The process of starting my business as an artist is much like my creative process. I weave and collage what I know, feel, and experience into what I am doing. My work as a visual artist and the contrast of living in NYC, Mexico, and California have greatly contributed to my sculptural voice and impacted my visual language. I carry painterly aspects in my glaze work with mark making, impasto, and scumbling techniques. Surface design, texture, and more importantly color are a constant for describing objects, spaces, and telling stories. I am very much a hoarder of things in my studio and can always find a second use for discarded materials. It is this way of looking at objects as useful that has influenced my functional work.
For me, risk and curiosity produce a thrill in my making. There is the pleasure in exploration which chemistry and the limitless possibilities of clay has to offer. Taking risks in studio with creative experimentation means that boredom ceases to exist. The challenge to translate ideas and form into functional pieces is an enjoyable game for my art making. I enjoy finding and making connections -to spaces, ideas, experiences and ultimately to other people by being able to share these functional pieces with them. In this way my pieces are given life and the viewer is always engaged.
Let’s talk shop? Tell us more about your career, what can you share with our community?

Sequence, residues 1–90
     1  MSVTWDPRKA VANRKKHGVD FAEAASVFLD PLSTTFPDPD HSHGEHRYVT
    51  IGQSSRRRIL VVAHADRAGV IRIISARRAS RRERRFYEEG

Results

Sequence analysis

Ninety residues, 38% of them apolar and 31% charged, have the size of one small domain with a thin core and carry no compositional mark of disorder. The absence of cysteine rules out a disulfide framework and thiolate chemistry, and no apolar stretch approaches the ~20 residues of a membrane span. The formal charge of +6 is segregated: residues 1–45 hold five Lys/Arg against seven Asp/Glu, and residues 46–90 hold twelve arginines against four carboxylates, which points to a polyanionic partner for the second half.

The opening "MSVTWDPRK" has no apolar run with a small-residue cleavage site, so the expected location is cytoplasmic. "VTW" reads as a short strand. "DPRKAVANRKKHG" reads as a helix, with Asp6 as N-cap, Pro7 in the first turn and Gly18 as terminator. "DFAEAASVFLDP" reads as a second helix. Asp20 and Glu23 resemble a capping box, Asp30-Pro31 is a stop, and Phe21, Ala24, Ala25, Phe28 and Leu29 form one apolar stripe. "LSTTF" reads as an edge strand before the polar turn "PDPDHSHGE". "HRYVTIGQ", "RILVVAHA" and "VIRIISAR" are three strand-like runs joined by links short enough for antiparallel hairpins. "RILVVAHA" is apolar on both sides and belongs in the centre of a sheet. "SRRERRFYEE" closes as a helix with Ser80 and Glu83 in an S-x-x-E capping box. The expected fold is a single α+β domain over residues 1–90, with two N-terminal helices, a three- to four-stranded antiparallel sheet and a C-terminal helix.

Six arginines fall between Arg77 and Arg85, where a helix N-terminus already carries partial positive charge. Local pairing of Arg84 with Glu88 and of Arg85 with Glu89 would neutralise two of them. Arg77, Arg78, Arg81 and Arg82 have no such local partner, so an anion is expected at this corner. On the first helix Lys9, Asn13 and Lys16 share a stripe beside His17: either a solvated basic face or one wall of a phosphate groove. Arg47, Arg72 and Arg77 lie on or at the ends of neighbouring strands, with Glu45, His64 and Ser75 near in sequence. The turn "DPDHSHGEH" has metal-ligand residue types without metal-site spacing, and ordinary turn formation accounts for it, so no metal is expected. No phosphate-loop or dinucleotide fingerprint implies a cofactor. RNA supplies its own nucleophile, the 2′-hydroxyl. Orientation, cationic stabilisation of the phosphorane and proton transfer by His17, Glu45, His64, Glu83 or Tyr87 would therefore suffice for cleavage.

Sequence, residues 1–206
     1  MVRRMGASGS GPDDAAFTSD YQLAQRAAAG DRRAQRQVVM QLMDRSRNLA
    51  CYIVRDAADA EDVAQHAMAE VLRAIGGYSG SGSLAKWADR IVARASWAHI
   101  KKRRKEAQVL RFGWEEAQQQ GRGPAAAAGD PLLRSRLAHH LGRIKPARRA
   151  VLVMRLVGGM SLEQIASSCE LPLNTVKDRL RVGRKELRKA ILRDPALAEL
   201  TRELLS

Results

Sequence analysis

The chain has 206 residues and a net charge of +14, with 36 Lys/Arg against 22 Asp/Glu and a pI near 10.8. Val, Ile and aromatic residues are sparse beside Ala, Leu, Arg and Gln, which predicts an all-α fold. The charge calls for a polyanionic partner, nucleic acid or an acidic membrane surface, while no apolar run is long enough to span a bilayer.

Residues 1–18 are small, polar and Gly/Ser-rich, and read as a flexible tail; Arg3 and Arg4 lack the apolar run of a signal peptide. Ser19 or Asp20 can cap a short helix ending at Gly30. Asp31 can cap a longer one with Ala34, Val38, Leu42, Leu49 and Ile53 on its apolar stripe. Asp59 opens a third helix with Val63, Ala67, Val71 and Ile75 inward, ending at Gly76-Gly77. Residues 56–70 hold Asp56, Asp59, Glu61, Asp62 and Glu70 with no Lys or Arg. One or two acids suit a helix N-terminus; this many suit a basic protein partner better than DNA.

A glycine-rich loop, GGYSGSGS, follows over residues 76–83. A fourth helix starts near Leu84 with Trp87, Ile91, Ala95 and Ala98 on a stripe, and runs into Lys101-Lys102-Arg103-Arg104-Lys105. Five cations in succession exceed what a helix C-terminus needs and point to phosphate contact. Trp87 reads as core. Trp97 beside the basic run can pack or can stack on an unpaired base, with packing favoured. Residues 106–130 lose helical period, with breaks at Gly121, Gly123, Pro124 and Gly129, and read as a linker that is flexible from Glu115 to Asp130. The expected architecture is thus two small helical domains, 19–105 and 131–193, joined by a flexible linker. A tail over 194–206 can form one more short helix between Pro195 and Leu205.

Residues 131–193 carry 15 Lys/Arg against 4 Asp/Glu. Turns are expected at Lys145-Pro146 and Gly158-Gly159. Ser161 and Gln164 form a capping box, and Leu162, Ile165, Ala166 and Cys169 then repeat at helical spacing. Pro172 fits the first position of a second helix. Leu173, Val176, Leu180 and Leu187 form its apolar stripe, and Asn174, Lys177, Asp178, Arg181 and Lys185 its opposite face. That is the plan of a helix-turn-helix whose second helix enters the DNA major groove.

My work in photography, exploring narratives through imagery, color composition, and the female form as well as my work in painting and drawing have contributed to my sculptural voice. The contrasts of living in New York City, Mexico and California have greatly impacted my visual language. A conversation of home, surroundings, and connection to these spaces can be seen in mark making, impasto and scumbling techniques in my glaze work as well as surface design, texture, and more importantly color. The importance and inspiration of magical realism is apparent in my describing of objects and spaces as my ceramics tell stories with texture, color, abstract shapes, and biomorphic forms. Exaggerated and vivid colors are a constant in describing my objects as characters, undulating in form, lush with texture, I invite the viewer to an intimate space between two worlds of the present and fantasy. My most recent exhibitions were in Boston, MA, New York, NY, and Brooklyn, NY.
Any places to eat or things to do that you can share with our readers? If they have a friend visiting town, what are some spots they could take them to?
Surfing! But I won’t tell you my favorite spot ( thats’s a secret)! I live at the beach and if my hands aren’t deep in clay, I am out in the water. I love to be outside in nature so it would be a lot of beach picnics, bonfires and burritos in San Diego!
Who else deserves some credit and recognition?
Thank you to Denise Korn for being a wonderful mentor for many years, Nadeige Choplet and Steffanie Dotson for providing amazing creative spaces and creative communities.